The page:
Back in 2012 I bought my first firearm. I spent a lot of time researching to find the right gun for me, and I discovered there is an overwhelming amount of information and if you ask people for help you will find varied and contradictory opinions about every detail. It is for that reason that I decided I’d write this post to help new gun owners with some of the questions they will face.
I think this is the most important issue. Guns by themselves are not dangerous but they can become dangerous in the grasp of an inexperienced handler. Statistically, a person is more likely to hurt themself with their own firearm than to ever face a situation where they’ll need a firearm, but this should not dissuade you from owning one. Being prepared is A Good Idea(tm).
When you are just starting out, you will discover that “Trigger Discipline”, which refers to keeping your finger off of the trigger and out of the trigger guard until you are ready to fire, is a lot more difficult than you might imagine. Most people do not spend all day paying close attention to the location of their fingers, because they aren’t handling firearms. The best solution for poor trigger discipline is a manual safety switch, often called a thumb-safety, because it is activated by your thumb.
MYTH: Thumb Safeties impair your ability to fire
With proper training, operating the manual safety on your firearm will become second-nature. People who tell you that it’s “too much to think about” are wrong. You won’t be thinking about it, because you are going to practice a lot with your firearm unloaded. In short time you will find it is no longer an issue.
I want to emphasize that this recommendation is mostly for new gun owners. Once you have a few years of experience handling your firearms every day, you may decide you are ready to move on to firearms that do not have manual safeties. That is up to you, nobody can tell you if you’re ready for that except you.
TRUTH: Magazine Safeties are BAD
A magazine safety is a device which prevents a firearm from firing if a magazine is not loaded. That’s fine for a range-only weapon, but for a self-defense weapon that is a life-threatening feature. It is possible that you might accidentally eject your magazine in the stress of an actual self-defense situation, and you want your firearm to still fire, there will still be a round in the chamber and that round might save your life. Make sure your carry weapon does not have a magazine safety.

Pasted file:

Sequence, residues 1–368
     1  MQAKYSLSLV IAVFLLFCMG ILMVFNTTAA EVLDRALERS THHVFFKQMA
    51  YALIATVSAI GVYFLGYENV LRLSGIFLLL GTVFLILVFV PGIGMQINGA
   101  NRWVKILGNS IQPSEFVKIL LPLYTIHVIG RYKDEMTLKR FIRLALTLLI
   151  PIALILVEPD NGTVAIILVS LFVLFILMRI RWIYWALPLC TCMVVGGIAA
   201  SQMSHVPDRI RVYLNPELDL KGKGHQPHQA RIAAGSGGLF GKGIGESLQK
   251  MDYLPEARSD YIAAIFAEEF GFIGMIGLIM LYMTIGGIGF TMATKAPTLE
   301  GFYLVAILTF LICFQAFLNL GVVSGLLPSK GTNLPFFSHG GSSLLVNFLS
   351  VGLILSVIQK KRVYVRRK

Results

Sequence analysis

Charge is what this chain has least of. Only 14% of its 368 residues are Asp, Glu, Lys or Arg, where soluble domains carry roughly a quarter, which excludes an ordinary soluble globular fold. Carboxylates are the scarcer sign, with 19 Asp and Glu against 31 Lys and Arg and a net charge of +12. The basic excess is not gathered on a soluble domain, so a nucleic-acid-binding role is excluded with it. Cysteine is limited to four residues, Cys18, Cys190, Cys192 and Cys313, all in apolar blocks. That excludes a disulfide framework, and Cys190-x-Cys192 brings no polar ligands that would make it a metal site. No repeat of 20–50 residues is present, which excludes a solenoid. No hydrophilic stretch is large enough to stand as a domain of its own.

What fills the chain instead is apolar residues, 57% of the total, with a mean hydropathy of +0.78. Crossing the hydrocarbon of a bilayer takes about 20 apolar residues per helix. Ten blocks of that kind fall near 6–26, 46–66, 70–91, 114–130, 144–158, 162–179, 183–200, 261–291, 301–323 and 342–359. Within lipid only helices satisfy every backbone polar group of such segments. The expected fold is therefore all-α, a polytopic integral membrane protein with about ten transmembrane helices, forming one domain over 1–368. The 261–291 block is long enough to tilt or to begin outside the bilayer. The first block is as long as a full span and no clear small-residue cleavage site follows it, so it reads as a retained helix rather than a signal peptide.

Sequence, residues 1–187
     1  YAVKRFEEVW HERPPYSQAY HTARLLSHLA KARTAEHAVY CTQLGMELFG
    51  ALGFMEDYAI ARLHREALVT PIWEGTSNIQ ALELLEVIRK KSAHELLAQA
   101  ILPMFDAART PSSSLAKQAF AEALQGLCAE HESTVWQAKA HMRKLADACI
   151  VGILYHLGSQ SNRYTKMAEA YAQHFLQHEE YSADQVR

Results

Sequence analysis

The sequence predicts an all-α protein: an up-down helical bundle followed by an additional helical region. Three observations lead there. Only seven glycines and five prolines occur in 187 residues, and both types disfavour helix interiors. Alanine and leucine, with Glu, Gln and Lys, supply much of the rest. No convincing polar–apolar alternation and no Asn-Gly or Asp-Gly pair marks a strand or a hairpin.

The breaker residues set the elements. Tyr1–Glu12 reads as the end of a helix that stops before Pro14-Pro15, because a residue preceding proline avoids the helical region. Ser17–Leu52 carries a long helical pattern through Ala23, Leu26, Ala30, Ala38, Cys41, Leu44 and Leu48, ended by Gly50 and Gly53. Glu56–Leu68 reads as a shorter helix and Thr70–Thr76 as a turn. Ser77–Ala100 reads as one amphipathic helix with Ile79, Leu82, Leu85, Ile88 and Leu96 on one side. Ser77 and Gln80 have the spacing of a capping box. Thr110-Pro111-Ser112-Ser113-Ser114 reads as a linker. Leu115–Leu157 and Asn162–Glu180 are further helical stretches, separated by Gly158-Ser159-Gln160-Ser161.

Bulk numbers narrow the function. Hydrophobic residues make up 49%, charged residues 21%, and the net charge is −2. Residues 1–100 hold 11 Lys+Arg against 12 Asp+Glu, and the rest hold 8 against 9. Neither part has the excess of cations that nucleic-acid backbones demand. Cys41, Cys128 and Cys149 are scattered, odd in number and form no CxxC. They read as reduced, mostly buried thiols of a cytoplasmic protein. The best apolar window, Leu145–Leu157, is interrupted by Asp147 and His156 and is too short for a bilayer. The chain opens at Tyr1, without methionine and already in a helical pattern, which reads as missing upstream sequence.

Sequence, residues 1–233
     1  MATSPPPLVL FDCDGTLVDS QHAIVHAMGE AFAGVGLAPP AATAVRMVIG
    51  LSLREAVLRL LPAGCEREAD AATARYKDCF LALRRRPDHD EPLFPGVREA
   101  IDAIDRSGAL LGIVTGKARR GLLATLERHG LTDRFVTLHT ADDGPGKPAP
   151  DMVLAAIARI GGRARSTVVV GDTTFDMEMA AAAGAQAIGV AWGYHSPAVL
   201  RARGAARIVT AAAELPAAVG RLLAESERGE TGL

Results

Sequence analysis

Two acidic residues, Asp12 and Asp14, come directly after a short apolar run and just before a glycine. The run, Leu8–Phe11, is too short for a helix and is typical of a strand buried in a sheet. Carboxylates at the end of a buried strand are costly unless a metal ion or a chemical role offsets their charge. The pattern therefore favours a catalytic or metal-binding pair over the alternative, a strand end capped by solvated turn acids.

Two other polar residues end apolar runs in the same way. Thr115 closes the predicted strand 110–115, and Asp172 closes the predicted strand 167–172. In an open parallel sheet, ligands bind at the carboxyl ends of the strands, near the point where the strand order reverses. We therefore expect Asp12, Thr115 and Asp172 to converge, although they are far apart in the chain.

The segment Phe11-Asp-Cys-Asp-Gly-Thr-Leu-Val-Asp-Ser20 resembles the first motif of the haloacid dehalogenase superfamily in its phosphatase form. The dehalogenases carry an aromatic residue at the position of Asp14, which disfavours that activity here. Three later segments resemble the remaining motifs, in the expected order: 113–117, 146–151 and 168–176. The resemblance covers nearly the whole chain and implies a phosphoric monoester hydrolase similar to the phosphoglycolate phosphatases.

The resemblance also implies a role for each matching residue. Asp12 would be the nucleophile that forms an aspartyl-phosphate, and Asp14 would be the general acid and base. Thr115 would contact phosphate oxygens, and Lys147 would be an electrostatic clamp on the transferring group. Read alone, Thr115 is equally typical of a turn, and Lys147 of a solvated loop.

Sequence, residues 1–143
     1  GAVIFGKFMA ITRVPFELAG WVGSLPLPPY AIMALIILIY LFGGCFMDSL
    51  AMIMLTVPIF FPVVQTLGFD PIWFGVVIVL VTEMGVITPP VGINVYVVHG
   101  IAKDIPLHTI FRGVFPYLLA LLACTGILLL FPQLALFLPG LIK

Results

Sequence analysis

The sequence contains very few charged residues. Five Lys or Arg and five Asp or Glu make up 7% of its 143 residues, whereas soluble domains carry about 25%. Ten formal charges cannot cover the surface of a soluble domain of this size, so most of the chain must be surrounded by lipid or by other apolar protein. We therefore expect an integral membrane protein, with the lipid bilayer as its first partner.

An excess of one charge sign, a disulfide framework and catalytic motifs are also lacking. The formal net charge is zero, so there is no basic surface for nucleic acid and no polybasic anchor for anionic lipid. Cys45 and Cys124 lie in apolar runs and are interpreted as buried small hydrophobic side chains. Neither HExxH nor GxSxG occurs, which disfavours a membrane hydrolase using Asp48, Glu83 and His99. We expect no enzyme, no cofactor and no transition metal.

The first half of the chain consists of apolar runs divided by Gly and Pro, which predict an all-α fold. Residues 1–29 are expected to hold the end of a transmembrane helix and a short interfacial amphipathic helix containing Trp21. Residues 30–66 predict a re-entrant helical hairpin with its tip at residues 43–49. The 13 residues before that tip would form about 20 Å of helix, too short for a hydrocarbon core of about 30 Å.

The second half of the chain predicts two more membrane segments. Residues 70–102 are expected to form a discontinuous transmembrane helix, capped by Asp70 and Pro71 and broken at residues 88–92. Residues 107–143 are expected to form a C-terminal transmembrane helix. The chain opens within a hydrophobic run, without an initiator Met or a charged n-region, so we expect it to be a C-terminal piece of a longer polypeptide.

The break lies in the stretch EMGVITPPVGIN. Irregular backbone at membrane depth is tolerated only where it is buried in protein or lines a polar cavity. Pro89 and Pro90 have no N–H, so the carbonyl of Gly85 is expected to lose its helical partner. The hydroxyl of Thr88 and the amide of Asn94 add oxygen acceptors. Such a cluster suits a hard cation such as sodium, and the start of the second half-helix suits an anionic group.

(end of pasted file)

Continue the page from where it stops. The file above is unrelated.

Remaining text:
If you’re buying an automatic, and I recommend you buy an automatic, I think Capacity is of the utmost importance. If you’re getting a gun for self defense you can expect you will need to fire 3 to 5 shots per assailant, and you should not assume that you’ll be assaulted by a single person. If you find yourself forced to defend against a group of 3 people, that means your magazine needs to carry 15 rounds. You do not want to be faced with reloading your gun during a firefight.
This is similar to my recommendation about safeties. A decocker is a nifty feature which makes a hot gun cold. A decocked double-action gun can still fire if you pull the trigger, but requires a stronger pull usually. Glocks do not have decockers, and as a direct result are the most common gun in negligent discharge situations. Whether you need one of these is debate-able but I suggest that it doesn’t hurt to have it.
You don’t need to buy a $1000 HK or 1911 to have a good self-defense sidearm. I recommend shopping in the $400-$550 range as a lot of very capable sidearms are in that price range. Smith & Wessons, Berettas, and so on. You can find good guns for less than $400 but your chances of getting junk increase as the price decreases, and when you’re talking about defending your life, reliability is critical.
This is important, maybe most important, but I’m listing this last because you should first narrow your possible choices using the above criteria before moving on to comfort. Once you have a short-list of firearms to buy, go to a range that rents those specific models and try them out. See how they feel in your hand. If the rental model has a lot of mechanical problems don’t assume it’s the gun’s fault, it may be a very used gun and perhaps isn’t as well maintained as it should be, so try it again at a different range with a different gun.
My first gun was a Beretta PX4 Storm, I actually do recommend this sidearm to people as a first gun, it’s got all the features you could want, including an adjustable ‘backstrap’ to fit various hand sizes. It comes in compact and full size versions and they all use the same magazines, it’s lightweight due to a polymer frame, it’s affordable and it’s very safe.
You’ll hear a lot of different opinions about what to buy. I’ve heard them all myself. So while these are my opinions, I am also considering all the various things you are going to hear from people who disagree with me. A lot of people disagree with me about Glocks for example, but those same people will not tell you that Berettas or Smith & Wessons are not also good. So you’ll have to decide for yourself, I hope that this article has been helpful. Feel free to send me an email if you have any questions I haven’t covered here.